Regulation of renal potassium secretion: molecular mechanisms

Semin Nephrol. 2013 May;33(3):215-28. doi: 10.1016/j.semnephrol.2013.04.002.

Abstract

A new understanding of renal potassium balance has emerged as the molecular underpinnings of potassium secretion have become illuminated, highlighting the key roles of apical potassium channels, renal outer medullary potassium channel (ROMK) and Big Potassium (BK), in the aldosterone-sensitive distal nephron and collecting duct. These channels act as the final-regulated components of the renal potassium secretory machinery. Their activity, number, and driving forces are precisely modulated to ensure potassium excretion matches dietary potassium intake. Recent identification of the underlying regulatory mechanisms at the molecular level provides a new appreciation of the physiology and reveals a molecular insight to explain the paradoxic actions of aldosterone on potassium secretion. Here, we review the current state of knowledge in the field.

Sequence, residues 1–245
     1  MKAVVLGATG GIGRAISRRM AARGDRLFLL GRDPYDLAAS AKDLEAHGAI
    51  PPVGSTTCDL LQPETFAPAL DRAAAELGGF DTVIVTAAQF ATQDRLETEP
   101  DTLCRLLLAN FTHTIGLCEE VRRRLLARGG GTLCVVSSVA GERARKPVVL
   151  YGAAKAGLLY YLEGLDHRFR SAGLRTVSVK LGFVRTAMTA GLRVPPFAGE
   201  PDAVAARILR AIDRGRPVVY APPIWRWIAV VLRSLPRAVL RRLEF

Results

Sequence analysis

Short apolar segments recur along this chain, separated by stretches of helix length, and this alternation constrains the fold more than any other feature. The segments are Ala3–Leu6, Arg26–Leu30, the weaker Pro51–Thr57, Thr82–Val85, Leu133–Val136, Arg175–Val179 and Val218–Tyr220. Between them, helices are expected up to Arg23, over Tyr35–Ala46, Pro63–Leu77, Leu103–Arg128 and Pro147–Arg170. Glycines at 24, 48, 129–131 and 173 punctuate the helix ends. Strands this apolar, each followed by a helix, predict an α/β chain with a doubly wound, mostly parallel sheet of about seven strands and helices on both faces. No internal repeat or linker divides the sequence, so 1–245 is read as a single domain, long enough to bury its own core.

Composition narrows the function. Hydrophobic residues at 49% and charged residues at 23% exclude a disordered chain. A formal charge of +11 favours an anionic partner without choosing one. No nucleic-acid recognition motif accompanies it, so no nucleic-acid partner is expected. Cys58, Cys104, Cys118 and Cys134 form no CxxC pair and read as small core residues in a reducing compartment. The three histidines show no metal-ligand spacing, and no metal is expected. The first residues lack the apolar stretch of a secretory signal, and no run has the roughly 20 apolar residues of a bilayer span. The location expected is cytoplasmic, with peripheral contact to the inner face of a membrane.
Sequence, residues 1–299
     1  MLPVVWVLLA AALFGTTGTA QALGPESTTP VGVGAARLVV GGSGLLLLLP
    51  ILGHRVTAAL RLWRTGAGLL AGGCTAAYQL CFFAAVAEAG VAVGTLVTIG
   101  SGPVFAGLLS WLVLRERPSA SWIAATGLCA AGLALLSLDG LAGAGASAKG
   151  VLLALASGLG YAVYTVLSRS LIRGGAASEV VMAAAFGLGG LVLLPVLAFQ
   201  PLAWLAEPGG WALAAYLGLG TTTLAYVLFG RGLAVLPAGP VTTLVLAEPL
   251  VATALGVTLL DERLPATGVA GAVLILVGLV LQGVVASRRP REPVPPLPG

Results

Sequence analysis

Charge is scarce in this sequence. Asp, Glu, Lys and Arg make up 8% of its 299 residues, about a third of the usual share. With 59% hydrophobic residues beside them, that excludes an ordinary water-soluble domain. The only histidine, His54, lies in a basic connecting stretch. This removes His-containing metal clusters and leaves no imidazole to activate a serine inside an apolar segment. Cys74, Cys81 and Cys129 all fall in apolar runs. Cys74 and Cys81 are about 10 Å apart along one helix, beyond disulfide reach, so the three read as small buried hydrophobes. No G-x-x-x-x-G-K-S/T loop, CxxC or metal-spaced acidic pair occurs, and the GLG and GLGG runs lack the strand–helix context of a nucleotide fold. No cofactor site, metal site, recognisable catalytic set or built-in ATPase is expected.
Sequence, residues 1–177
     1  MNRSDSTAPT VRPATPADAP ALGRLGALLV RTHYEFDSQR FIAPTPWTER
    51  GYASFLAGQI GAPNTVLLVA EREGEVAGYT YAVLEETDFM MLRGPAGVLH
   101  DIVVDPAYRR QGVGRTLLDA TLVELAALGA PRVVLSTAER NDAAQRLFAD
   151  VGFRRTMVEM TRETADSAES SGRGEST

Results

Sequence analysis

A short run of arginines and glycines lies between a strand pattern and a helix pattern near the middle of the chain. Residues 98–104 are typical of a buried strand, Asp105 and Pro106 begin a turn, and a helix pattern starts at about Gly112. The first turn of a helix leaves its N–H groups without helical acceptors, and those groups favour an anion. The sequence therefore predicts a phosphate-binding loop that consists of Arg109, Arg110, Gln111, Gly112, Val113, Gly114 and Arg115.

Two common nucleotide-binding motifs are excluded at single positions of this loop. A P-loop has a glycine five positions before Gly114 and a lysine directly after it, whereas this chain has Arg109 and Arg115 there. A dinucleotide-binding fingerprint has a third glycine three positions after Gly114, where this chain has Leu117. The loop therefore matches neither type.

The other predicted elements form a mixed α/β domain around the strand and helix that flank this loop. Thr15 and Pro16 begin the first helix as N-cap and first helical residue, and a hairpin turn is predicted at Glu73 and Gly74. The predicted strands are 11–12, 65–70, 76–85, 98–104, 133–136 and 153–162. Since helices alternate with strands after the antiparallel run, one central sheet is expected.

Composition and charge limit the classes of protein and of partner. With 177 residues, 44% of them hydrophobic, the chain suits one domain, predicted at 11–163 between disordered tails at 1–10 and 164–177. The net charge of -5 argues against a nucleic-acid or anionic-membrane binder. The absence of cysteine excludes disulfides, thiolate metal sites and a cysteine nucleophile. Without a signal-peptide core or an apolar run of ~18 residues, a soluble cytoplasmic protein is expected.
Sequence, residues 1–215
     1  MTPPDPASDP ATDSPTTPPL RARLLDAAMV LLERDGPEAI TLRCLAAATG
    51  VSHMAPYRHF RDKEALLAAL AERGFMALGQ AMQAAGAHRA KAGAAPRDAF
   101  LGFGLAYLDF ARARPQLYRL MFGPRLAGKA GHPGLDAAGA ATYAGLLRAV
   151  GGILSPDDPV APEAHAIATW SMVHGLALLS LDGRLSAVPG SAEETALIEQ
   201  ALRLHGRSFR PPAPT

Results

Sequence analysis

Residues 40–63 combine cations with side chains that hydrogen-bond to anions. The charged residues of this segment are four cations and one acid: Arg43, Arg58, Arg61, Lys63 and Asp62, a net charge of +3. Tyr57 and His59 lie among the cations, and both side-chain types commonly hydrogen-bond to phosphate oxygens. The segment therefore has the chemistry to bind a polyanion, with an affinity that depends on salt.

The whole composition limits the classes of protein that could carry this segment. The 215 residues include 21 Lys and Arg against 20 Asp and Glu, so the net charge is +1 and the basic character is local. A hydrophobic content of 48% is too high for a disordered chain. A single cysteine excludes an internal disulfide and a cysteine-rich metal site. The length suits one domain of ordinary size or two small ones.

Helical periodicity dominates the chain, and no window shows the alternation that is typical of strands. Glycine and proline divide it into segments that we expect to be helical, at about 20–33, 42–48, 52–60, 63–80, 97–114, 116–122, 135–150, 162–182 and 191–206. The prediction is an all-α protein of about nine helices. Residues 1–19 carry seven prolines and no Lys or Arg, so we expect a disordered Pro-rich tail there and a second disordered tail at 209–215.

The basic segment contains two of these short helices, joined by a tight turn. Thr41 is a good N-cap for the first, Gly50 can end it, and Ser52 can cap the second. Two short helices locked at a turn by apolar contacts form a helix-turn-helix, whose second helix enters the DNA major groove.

Keywords: ARH; BK; Golgi; ROMK; SGK-1; Src kinase; WNK kinase; aldosterone; endocytosis; endoplasmic reticulum; hyperkalemia; hypokalemia; kaliuresis; kidney; potassium channel; pseudohypoaldosteronism type II; thiazide; trafficking.

Publication types

  • Review

MeSH terms

  • Aldosterone / physiology
  • Angiotensin II / physiology
  • Endocytosis
  • Humans
  • Kidney / metabolism
  • Large-Conductance Calcium-Activated Potassium Channels / metabolism*
  • Nephrons / metabolism*
  • Potassium / metabolism*
  • Potassium Channels / metabolism
  • Potassium Channels, Inwardly Rectifying / metabolism*
  • Signal Transduction / physiology*
  • src-Family Kinases

Substances

  • Large-Conductance Calcium-Activated Potassium Channels
  • Potassium Channels
  • Potassium Channels, Inwardly Rectifying
  • Angiotensin II
  • Aldosterone
  • src-Family Kinases
  • Potassium